I venture to suggest that instead of balātkāra the original word might have been balakāra = balagāra: from Skt. valaya-kāra = bracelet / bangle-maker and seller; Kannada   baḷegāra, and according to Joharapurakar, there is inscriptional evidence in support of this, as discussed below.

In tenth-century Karnataka, there was a large community of Digambara Jains engaged in this business, in the neighborhood of Malkhed, notably at Mudhoḷ, 190 kilometers from Gulbarga. The Kannada Jain poet Ranna (=Ratna, 993 CE), in his Ajitatīrthaṅkara-purāṇa tilakam, calls himself a proud member of this baḷagāra community:

Beḷugare nāḍoḷ puṭṭida Baḷegārara kuladoḷ ereda Ajitaśāsanamaṃ/ beḷaguva cakreśvara ma- ṇḍaḷeśvaraṃ besase negaḷda kaviRatnaṃ//12.45.[1]

The famous (negaḷda) poet Ratnam (Ranna) was born in the Beḷugare province. He belonged to the caste (family) of Baḷegāra (bangle seller). He (Ranna) wrote the excellent (ereda) Ajitaśāsanamam (Ajita Tīrthaṅkara Purāṇa) on the command of the lustrous cakreśvara (emperor) and maṇḍaḷeśvara.

A community of baḷagaras, with a Jaina poet of such eminence, might also have produced Jaina munis who would travel north and would be known as munis of the Balagara/Balakara/Balakāra-gaṇa. For example, śrī Mūlasaṃghada Balakara-gaṇada; Baḷagara-gaṇada (Nagarajaiah 1998: 17).

Joharapurakar (1956: §89 and §91) states:

In old inscriptions (§§87–88) only Balātkāragaṇa is found. But it appears that the original form is Baḷagāra-gaṇa [an inscription from the north Karnataka city Beḷagaum] §89 'rājadhāni Beḷḷgāviya śakavarṣa 970 (=1048 CE) Baḷagāra-gaṇada Devanandi bhaṭṭārakaśiṣyarappa Keśavanandi aṣṭopavāsi bhaṭṭāraru...' Jain Śilālekhasaṃgraha, II. 220.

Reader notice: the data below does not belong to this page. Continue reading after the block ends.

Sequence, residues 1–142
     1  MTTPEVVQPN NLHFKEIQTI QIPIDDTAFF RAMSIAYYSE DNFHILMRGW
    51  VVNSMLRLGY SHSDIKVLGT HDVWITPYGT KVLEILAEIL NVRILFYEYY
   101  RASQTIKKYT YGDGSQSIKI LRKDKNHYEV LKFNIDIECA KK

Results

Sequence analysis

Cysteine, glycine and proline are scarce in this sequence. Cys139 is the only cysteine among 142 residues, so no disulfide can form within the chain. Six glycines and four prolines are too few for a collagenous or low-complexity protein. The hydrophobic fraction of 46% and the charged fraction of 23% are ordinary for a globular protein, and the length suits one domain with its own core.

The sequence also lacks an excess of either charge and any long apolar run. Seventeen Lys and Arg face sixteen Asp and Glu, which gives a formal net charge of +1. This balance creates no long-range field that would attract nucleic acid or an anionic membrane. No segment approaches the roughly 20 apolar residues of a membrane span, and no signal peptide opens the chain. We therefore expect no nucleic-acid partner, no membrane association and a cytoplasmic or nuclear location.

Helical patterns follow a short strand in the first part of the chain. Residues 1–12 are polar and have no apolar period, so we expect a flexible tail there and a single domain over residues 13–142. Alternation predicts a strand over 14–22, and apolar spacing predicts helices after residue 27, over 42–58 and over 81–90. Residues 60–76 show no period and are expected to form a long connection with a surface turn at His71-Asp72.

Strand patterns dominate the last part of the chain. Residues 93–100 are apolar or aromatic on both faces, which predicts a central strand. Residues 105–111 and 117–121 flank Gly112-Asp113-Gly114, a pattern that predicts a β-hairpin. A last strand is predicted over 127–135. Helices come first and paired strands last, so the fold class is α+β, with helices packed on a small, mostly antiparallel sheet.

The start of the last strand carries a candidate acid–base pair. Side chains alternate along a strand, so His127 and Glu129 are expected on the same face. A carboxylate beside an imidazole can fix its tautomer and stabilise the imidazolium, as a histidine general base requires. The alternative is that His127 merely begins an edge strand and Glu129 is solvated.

Premi (1956: 245), as early as 1921 in Jaina Hitaiṣī (article reprinted in 1956), had explained at length the reason for the adoption of the name Balātkāragaṇa:

It appears that there was once, at some time, a debate on Mount Girnāra between the Digambaras and Śvetāmbaras concerning the disputed ownership of the tīrtha (the holy place) and that the Digambara Muni Padmanandi [in the line of the disciples of Padmanandi-Kuṃdakuṃdācārya] had forced [balātkāra = with his mantra-power] the stone image of goddess Sarasvatī to speak and declare the Digambaras to be victorious in that debate. Because of this, the group (gaṇa) led by Padmanandi Muni was known as [Kuṃdakuṃdānvaya] Sarasvatīgaccha and Balātkāra-gaṇa

Premi (1956: 473) quotes the following from the Nandisaṃgha Gurvāvalī:

Padmanandī gurur jāto Balātkāragaṇāgraṇī/ pāṣāṇaghaṭitā yena vāditā śrī Sarasvatī//36// Ujjayantagirau tena  gacchaḥ Sārasvato bhavet/ atas tasmai munīndrāya namaḥ śrī Padmanandine//37//